I'm a huge advocate of local food, local produce, local chefs, local restaurants, so we decided to do a "Locals Know Best" campaign, which is just an extension of sourcing local ingredients. But it's also trying to bring in a bunch of local knowledge to each of the [Indigo] properties. I think the most important thing when you travel is to get a local flavor when you're there. Otherwise, there's no point in traveling, for both business and pleasure.
It's still several years away from completion, but the new 124-room tower going up on Greenwich Street has hopes of becoming one of the hottest nightlife and dining destinations in the downtown area, set to compete directly with the Trump Soho and Tribeca Grand.
But is that such a daunting task? Maybe not for the man who claims to have pushed the Indigo brand "into a higher gear" with the opening of Hotel Indigo Chelsea, which he owns.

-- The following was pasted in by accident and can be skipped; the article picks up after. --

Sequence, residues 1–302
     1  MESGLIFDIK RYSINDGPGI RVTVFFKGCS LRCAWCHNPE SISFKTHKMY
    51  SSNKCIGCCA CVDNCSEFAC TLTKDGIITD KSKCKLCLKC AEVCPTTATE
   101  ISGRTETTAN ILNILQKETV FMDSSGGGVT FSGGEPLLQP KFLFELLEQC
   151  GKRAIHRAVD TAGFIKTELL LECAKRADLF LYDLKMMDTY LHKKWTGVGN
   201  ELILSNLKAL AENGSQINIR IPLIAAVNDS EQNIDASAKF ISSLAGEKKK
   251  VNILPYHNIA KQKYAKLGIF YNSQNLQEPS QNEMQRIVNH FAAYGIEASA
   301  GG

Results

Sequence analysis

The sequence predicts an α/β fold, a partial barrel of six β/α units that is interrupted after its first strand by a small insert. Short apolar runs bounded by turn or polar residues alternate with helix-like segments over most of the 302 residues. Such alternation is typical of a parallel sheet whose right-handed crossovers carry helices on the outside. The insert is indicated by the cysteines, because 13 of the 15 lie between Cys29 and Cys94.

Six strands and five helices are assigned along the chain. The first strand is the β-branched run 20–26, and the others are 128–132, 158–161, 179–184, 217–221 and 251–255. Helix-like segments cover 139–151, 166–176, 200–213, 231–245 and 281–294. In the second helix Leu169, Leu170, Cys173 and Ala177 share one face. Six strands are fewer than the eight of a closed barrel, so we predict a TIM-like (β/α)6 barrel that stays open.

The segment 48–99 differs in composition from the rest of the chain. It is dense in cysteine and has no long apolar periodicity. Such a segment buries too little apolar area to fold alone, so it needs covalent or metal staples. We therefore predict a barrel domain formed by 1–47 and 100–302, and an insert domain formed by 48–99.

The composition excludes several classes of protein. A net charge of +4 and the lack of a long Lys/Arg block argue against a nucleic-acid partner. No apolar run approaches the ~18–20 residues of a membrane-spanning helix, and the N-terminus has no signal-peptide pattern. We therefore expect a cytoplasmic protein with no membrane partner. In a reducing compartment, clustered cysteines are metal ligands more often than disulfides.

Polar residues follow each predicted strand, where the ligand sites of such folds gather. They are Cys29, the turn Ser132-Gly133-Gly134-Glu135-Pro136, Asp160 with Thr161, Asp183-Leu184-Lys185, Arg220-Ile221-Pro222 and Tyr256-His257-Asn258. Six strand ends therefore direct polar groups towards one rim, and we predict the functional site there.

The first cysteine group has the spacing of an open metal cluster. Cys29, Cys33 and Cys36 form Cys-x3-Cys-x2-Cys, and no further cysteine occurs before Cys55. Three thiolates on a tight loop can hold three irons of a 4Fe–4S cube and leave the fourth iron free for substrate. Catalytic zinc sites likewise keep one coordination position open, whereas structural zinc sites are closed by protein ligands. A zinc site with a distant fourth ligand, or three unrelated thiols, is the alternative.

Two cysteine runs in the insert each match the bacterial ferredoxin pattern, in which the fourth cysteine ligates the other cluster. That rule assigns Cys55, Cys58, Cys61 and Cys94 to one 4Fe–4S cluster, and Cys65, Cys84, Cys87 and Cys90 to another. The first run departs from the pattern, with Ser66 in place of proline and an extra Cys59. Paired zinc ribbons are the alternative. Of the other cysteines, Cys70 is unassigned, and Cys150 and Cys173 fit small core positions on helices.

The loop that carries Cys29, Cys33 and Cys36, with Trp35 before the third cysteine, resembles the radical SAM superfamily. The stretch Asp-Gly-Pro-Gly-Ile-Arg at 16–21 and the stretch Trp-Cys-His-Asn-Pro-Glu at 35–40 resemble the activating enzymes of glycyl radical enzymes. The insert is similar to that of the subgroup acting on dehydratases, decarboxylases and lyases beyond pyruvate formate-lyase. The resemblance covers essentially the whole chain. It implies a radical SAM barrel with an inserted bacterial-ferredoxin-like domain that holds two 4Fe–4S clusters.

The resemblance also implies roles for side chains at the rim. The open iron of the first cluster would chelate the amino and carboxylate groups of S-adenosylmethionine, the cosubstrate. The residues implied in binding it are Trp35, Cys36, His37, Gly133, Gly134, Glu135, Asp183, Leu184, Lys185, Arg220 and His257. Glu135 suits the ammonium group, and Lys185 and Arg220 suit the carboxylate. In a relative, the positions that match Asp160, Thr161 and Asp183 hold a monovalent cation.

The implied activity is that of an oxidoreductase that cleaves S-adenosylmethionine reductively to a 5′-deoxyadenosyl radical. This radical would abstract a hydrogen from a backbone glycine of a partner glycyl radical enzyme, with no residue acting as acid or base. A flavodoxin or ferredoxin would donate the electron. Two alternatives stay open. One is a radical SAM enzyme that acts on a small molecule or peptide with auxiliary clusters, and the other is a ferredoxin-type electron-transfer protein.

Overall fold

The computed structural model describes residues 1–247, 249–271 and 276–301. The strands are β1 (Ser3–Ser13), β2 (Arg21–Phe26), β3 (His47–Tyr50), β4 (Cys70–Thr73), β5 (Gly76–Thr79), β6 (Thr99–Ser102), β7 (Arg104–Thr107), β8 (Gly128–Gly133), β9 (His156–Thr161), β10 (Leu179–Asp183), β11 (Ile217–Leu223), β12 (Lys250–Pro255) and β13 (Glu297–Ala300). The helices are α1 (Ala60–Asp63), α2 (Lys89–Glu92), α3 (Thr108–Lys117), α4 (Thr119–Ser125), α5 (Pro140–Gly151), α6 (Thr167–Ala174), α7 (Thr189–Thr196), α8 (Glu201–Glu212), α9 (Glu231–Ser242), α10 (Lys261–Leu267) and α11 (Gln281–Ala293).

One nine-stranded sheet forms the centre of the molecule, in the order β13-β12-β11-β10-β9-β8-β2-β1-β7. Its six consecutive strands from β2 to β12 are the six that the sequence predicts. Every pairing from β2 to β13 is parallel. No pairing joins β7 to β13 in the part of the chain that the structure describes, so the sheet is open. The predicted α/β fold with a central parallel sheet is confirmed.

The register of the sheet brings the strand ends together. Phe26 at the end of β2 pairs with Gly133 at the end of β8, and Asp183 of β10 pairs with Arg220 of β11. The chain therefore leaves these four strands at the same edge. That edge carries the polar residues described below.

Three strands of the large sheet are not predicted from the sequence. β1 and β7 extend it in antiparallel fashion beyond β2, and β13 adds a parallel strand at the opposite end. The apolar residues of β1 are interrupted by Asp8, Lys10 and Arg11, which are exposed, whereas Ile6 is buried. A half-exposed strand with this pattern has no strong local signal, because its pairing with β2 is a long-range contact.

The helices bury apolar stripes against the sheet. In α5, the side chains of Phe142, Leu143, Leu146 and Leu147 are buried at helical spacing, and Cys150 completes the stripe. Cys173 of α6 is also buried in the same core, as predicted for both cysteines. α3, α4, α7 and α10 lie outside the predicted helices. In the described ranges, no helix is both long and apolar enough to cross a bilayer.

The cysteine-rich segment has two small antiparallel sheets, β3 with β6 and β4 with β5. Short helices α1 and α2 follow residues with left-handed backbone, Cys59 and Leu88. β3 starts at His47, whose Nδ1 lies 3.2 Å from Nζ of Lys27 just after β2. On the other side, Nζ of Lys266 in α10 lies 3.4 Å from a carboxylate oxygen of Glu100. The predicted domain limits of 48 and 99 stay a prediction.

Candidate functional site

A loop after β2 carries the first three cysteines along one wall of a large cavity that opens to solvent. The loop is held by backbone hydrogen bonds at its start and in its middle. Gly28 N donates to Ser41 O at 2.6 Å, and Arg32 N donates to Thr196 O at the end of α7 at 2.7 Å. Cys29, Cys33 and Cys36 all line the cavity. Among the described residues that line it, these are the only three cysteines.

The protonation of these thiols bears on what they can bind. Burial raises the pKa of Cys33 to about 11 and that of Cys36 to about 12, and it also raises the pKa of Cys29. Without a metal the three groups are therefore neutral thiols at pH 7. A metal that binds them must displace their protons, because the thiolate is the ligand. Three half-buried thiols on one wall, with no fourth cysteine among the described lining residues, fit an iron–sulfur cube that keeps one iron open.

Remember these things?
Back in July, these white "plastic bamboo" things outside the Indigo Chelsea
scared delighted confused us. What exactly were they? How did they manage to stay up without falling over? Who thought they actually looked good? All of our questions remained unanswered.
What we know for sure: the hotel has gone and removed them—at least the ones on the sidewalk outside. Which is a relief for innocent passers-by, though actual hotel guests will still have to put up with the nonsense. But for how long? We asked the hotel's assistant GM to set the record straight.
Back in June, word got around about a 50,000 square foot lot on Greenwich Street, which had been scooped up by Fortuna Realty for a reported $12.7 million. The developer's plan? Naturally, a hotel.
This week, HotelChatter got an exclusive look at a rendering for the 124-room tower, which is slated to include at least one major restaurant concept. Nearby behemoths like Trump Soho and The Greenwich Hotel have basically had a monopoly on this highly lucrative section of the city, but now it's time for new blood. So who's the man behind the money?